TORONTO, Feb. 26 /CNW/ - In the midst of a recession, the Educational
Policy Institute (EPI) warns that dramatic tuition hikes, of up to 25 per
cent, might be part of a 'recession survival plan.'
While some comments and recommendations from EPI's recent report, On the
Brink, highlight some innovative solutions to difficult problems, student
representatives at the Ontario Undergraduate Student Alliance (OUSA) believe
that this report should be viewed as a starting point for debate and
discussion rather than a point by point prescription.
Trevor Mayoh, President of the Ontario Undergraduate Student Alliance
(OUSA) said, "We're emphasizing the wrong syllable here. Clearly, suggesting a
25 per cent tuition hike, when tens of thousands of people are losing their
jobs, is just foolish." In fact, Ontario already has the second highest
tuition in Canada and will likely have the highest in the 2010 academic year.
"As is, Ontario is almost $1000 above the national average and that's before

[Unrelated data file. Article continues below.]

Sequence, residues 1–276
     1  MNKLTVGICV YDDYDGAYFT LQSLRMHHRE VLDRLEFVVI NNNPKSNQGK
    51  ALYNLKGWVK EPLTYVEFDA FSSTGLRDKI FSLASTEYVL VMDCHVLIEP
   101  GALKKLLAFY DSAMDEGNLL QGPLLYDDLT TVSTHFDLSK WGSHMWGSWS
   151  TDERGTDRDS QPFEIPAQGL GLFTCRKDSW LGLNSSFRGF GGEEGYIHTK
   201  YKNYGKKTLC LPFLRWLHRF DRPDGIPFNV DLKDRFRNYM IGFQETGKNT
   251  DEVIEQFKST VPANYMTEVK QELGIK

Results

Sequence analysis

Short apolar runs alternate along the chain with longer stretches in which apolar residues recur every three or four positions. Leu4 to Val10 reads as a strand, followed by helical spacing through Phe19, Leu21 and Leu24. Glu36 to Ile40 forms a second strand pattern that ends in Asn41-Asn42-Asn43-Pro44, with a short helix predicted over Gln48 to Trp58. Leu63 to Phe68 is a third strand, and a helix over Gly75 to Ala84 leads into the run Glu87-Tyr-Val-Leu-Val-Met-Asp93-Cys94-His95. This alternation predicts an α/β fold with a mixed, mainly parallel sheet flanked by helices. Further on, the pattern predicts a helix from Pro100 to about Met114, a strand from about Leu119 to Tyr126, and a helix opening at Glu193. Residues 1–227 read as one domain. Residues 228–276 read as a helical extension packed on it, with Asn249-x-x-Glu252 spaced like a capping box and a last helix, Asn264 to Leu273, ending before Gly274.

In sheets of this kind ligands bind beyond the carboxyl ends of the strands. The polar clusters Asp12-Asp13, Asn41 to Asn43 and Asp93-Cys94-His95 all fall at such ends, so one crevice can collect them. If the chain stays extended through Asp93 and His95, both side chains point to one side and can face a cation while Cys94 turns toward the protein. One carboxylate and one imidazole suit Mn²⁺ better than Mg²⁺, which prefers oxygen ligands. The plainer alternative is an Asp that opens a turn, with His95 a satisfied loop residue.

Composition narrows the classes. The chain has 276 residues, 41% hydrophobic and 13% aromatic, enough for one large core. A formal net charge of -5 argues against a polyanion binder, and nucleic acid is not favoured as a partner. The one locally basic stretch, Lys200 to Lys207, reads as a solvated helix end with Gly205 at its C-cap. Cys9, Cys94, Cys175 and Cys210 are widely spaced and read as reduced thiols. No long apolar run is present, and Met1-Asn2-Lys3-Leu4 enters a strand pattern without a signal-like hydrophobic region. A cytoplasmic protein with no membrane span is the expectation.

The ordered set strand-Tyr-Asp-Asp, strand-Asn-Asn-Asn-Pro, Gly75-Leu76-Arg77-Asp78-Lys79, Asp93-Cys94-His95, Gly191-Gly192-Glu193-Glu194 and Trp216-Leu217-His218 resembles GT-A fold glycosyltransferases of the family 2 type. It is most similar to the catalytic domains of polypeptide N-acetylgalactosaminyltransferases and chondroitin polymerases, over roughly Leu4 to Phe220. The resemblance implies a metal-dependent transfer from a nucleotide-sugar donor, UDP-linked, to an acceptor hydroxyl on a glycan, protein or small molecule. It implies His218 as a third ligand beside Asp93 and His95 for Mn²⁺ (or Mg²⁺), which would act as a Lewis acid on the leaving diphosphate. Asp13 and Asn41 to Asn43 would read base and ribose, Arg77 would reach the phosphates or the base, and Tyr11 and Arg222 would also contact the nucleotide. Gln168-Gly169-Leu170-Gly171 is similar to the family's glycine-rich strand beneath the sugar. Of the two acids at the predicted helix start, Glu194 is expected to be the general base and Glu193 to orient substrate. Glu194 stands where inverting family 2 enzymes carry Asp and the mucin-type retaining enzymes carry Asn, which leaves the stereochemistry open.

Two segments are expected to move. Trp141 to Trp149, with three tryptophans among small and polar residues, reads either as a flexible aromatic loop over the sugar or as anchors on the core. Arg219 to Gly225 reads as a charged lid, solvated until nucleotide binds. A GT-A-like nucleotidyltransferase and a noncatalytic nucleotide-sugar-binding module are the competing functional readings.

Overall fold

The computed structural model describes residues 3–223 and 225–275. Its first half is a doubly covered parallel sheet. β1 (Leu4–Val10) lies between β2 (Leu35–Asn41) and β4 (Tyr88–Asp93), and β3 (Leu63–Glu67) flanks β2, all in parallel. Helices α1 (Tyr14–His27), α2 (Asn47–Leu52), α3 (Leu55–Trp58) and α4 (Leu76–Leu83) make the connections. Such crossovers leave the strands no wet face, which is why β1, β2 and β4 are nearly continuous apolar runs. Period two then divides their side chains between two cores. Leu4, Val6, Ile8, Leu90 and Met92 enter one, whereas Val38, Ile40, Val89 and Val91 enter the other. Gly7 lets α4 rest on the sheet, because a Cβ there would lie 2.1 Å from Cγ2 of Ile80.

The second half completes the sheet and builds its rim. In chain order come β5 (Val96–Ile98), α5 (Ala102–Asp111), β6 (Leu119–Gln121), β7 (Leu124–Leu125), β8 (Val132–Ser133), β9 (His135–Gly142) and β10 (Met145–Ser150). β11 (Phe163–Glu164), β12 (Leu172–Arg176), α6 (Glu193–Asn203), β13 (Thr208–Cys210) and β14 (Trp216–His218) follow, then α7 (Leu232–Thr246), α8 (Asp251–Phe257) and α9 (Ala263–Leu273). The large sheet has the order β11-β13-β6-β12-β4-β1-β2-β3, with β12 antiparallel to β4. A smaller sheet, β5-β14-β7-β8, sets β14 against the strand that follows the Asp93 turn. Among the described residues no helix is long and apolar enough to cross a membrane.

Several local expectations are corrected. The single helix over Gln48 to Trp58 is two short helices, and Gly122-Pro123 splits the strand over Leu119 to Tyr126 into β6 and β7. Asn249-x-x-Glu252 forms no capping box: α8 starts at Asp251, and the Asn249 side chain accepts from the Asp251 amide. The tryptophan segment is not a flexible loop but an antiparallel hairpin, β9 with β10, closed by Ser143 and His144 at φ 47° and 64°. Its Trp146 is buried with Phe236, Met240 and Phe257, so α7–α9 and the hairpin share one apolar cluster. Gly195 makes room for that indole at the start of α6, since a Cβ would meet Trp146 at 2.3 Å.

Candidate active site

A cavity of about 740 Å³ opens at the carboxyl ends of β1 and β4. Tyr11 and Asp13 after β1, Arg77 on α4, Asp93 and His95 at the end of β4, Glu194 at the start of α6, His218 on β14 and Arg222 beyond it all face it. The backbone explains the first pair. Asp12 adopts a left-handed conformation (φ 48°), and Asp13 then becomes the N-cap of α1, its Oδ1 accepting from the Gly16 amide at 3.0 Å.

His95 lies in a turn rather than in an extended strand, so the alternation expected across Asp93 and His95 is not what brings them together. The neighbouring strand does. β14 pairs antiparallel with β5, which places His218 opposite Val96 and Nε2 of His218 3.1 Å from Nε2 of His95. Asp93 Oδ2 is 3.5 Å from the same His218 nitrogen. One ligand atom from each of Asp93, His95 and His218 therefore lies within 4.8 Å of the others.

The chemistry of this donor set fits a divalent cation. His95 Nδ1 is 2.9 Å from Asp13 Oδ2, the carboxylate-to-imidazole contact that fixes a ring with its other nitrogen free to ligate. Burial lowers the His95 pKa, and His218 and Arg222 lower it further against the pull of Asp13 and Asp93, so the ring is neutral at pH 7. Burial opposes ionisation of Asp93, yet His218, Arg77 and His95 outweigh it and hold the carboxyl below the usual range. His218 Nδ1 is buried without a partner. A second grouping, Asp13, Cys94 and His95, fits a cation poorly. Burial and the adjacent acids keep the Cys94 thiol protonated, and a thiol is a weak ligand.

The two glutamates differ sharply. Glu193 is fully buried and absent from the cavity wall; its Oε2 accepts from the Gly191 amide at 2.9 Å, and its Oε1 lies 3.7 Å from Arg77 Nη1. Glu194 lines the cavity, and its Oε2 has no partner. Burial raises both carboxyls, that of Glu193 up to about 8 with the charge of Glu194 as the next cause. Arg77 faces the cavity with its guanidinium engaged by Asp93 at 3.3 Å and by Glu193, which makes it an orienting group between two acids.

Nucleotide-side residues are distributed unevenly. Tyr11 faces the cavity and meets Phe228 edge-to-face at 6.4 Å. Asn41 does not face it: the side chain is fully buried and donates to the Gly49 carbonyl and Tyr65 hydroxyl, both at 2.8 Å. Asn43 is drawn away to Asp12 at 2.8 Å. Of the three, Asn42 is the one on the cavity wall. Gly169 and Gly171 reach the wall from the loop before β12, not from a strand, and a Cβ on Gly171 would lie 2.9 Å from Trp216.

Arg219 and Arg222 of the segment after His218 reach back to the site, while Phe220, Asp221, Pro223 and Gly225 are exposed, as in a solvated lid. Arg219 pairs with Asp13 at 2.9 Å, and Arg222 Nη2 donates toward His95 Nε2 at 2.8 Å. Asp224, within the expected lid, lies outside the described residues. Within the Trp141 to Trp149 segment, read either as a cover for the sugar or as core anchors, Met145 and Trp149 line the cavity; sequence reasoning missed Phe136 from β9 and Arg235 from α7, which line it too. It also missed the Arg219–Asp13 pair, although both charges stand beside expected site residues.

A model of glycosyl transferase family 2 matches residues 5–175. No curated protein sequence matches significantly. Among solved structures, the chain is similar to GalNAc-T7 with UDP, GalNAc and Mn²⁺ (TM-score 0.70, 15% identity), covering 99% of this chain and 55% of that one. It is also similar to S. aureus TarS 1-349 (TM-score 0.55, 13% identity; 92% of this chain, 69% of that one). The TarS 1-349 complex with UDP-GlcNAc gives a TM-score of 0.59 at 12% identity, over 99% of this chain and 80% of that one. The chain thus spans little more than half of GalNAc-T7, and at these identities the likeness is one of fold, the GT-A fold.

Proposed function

you even suggest a 25 per cent increase," continued Mayoh. "In these times of
economic difficulty, we should be making investments in the creative economy
and using our sparse resources wisely." OUSA has been calling for a more
efficient use of funds currently in the system. By re-directing monies
allocated to the Textbook and Technology Grant and Tax Credits, for example,
funds can be used to increase access for those with the highest need.
To that end, students are encouraged by comments made by the Minister of
Training, Colleges and Universities, John Milloy, declaring that the
government does not want, "...finances to ever be a barrier to a qualified
student having access to post-secondary education." Ontario students echo this
sentiment, with only one addition; post-secondary education can be a silver
bullet to not only survive a recession but to thrive in a post-recession
"In times of economic difficulty, the province needs to be strategic
about investments and cutbacks." said Howie Bender, Executive Director of
OUSA. "Now is not the time for massive sticker shock but a time to invest in
our future creative economy. We look forward to working with the government to
ensure that budget cycles for 2010 and beyond, continue to improve the
accessibility, affordability, and quality of post-secondary education in
OUSA represents the interests of more than 140,000 professional and
undergraduate, full- and part-time university students at seven institutions
across the province.
For further information:
For further information: Trevor Mayoh, President of OUSA, (519)
884-0710; Tammy McQueen, Communications Director of OUSA, (416) 341-9948